Department of Chemistry, Syracuse University, Syracuse, NY 13244-4100

Abstract: The cryogenic terahertz spectrum of (+)-methamphetamine hydrochloride from 10.0 – 100.0 cm-1 is presented, as is the complete structural analysis and vibrational assignment of the compound using solid-state density functional theory. This cryogenic investigation reveals multiple spectral features not previously reported in room-temperature terahertz studies of the title compound. Modeling of the compound employed eight density functionals utilizing both solid-state and isolated-molecule methods. The results clearly indicate the necessity of solid-state simulations for the accurate assignment of solid-state THz spectra. Assignment of the observed spectral features to specific atomic motions is based upon the BP density functional, which provided the best-fit solid-state simulation of the experimental spectrum. The seven experimental spectral features are the result of thirteen infrared-active vibrational modes predicted at a BP/DNP level of theory, with more than 90% of the total spectral intensity associated with external crystal vibrations.

The Terahertz Spectrum And Quantum Chemical Assignment Of 2,2,-Bithiophene In Cyclohexane

In press, in the journal Vibrational Spectroscopy. In a bit of a departure from the last several terahertz (THz) papers, this study involves the simulation of the solution-phase THz spectrum of the very, very thoroughly studied 2,2'-bithiophene in solution (cis and trans geometries and lowest-frequency vibrational modes are provided in the figure below), a phase both easier and more difficult than the solid-state density functional theory (DFT) calculations that have been the mainstay of previous studies. Simplicity comes from the molecular symmetry and smaller size of the system under study, with no issues of the temperature dependence of the lattice constants or the intermolecular interaction predictions complicating the spectral assignment of the lowest frequency modes. The difficulty comes from the ability to employ multiple theoretical models to study the system and the need for far higher levels of theory in the gas phase to perform an analysis worthy of experimental comparison.

In this study, the DFT and MP2 quantum chemical calculations were used to consider molecular geometry, cis and trans conformational energy differences, rotational barrier heights, the prediction of normal mode energies, and relative peak intensities.

One topic addressed in solution that is not an issue in the crystals studied to date are the accessibility of relative conformational minima at ambient conditions (kT, room temperature). In the case of 2,2'-bithiophene, the conformational flexibility is around the exocyclic thiophene-thiophene bond. With the description of the potential energy surface (PES) for rotation about the exocyclic bond determined by conformational calculations, the second step is the determination of relative populations of the cis and trans forms as a function of temperature. In this case, weighting of the PES by the Boltzmann distribution function yields the plot shown in the bottom of the figure below, from which the relative cis and trans populations can be determined by integration of the 0 to 90 (cis) and 90 to 180 (trans) regions.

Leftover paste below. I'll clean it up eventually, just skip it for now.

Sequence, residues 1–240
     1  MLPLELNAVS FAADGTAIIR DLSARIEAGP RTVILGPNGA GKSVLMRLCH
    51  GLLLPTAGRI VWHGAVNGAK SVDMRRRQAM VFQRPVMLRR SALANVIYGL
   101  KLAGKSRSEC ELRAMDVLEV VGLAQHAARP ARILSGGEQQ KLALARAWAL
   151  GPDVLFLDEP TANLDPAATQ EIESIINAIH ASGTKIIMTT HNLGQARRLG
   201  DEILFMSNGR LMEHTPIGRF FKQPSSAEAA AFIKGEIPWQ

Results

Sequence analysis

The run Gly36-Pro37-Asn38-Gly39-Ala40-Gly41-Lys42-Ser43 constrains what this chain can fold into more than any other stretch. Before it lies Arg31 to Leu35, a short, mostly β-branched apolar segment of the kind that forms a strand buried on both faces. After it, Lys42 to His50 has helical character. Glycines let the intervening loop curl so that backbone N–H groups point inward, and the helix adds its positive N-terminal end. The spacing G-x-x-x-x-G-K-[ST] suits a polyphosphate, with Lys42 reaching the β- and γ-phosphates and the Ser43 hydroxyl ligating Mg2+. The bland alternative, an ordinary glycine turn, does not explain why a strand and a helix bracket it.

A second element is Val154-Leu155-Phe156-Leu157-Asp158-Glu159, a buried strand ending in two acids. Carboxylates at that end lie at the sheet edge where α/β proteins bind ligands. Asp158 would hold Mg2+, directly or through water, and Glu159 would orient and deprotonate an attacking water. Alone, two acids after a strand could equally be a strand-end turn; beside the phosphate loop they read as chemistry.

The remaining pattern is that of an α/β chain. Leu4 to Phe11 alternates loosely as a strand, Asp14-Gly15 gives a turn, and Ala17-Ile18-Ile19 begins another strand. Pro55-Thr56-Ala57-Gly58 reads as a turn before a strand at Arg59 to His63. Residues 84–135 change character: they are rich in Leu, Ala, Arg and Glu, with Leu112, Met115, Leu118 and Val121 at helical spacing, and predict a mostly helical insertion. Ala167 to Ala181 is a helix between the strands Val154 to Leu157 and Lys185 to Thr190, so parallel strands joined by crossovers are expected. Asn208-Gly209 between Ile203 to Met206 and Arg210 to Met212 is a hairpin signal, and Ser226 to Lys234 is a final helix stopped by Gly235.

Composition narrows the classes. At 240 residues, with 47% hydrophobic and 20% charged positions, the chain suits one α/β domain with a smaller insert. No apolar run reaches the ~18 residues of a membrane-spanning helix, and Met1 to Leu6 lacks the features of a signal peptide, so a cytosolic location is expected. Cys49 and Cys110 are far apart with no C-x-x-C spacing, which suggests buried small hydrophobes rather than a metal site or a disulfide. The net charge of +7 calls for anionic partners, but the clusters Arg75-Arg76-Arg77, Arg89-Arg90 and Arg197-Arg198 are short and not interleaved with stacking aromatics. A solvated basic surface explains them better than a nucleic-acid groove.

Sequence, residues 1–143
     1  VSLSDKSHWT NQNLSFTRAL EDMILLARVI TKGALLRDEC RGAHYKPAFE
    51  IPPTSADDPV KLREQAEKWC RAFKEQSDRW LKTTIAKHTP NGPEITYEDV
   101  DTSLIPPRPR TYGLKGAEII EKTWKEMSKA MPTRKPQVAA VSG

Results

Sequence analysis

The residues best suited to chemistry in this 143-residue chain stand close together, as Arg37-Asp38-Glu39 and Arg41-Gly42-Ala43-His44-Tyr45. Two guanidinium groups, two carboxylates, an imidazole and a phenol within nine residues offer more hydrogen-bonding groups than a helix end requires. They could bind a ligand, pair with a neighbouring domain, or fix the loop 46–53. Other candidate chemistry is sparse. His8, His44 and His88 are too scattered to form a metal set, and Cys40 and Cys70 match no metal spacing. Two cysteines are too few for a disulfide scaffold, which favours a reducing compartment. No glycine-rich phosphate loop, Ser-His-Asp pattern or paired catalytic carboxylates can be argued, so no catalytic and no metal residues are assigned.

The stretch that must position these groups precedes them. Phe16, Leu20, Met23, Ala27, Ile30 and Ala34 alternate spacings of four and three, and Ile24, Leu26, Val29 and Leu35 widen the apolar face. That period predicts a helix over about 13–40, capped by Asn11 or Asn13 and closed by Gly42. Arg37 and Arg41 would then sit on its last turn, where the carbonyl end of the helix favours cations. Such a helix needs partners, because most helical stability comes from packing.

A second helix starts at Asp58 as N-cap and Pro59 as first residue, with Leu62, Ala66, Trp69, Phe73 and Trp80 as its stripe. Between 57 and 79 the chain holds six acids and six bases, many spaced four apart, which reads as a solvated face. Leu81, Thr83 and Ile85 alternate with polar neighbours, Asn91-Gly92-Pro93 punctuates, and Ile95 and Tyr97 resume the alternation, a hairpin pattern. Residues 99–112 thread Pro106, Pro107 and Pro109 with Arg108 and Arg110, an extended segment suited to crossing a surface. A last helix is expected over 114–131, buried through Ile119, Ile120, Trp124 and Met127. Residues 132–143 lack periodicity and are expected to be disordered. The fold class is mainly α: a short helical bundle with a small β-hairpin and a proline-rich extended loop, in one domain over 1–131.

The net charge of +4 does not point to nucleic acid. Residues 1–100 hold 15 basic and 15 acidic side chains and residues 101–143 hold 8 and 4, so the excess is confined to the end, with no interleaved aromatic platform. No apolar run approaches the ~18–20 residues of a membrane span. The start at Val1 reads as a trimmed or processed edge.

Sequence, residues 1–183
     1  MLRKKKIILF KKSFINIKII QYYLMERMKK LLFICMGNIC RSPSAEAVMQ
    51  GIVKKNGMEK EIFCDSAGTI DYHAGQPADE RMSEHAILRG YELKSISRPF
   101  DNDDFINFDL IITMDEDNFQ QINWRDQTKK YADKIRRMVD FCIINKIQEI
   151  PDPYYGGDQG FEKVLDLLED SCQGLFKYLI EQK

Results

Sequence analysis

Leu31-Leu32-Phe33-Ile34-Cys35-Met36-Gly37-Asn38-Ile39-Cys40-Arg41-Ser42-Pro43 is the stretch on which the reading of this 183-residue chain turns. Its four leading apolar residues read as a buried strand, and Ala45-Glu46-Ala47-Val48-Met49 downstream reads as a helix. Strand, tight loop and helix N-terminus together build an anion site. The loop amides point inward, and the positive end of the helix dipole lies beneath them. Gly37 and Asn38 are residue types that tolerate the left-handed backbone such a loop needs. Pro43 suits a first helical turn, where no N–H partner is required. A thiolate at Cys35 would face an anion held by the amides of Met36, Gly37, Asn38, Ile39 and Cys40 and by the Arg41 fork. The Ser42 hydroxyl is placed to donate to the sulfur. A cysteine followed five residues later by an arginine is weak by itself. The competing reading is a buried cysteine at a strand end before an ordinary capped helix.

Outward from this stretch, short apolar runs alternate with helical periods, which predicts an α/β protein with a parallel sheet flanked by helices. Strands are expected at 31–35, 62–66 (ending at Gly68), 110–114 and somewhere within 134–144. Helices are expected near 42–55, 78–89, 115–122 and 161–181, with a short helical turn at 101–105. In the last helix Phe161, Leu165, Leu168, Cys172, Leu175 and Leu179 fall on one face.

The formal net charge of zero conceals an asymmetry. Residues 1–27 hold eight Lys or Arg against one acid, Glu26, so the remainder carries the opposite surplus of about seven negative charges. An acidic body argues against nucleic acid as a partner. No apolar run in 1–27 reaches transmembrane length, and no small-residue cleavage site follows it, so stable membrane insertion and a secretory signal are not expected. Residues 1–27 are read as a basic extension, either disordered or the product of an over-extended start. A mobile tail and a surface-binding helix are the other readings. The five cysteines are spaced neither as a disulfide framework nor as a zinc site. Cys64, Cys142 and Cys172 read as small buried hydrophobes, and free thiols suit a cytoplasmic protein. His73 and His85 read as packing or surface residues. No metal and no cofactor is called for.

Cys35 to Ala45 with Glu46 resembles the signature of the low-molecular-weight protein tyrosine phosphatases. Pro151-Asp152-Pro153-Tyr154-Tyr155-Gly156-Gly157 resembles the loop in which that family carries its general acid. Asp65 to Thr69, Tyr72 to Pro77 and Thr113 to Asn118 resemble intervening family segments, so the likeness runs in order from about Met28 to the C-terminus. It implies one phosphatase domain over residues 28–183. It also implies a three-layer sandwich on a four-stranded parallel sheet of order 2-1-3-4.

The long-short of this particular study, which I save for the article itself, is that no single theory provides all the best answers, but sufficiently high levels of theory all do settle into the reasonable vicinity of accurate. At least, to the extent that all of the experimental data is in agreement.

Anna M. Fedor1, Damian G. Allis1,2, and Timothy M. Korter1

1. Department of Chemistry, Syracuse University, Syracuse, NY 13244 USA

2. Nanorex, Inc. Bloomfield Hills, MI 48302-7188 USA

Abstract: The room temperature solution-phase terahertz (THz, 7 to 165 cm-1) spectrum of 2,2-bithiophene in cyclohexane is reported. Density functional theory (B3LYP) and ab initio (MP2) methods employing the 6-311++G(2d,2p) and aug-cc-pVDZ basis sets are used to assign the THz vibrational structure and determine the relative populations of the cis and trans conformations, as well as the trans-trans rotational barrier height and the effects of the cyclohexane solvent on the predicted molecular geometries and vibrational frequencies. Significant differences are seen in the performance of the different theoretical methods, with the best performing method dependent upon the molecular property of interest. The best fit model of the experimental THz spectrum is achieved using MP2/aug-cc-pVDZ, which places the relative trans and cis populations at 54% and 46%, respectively.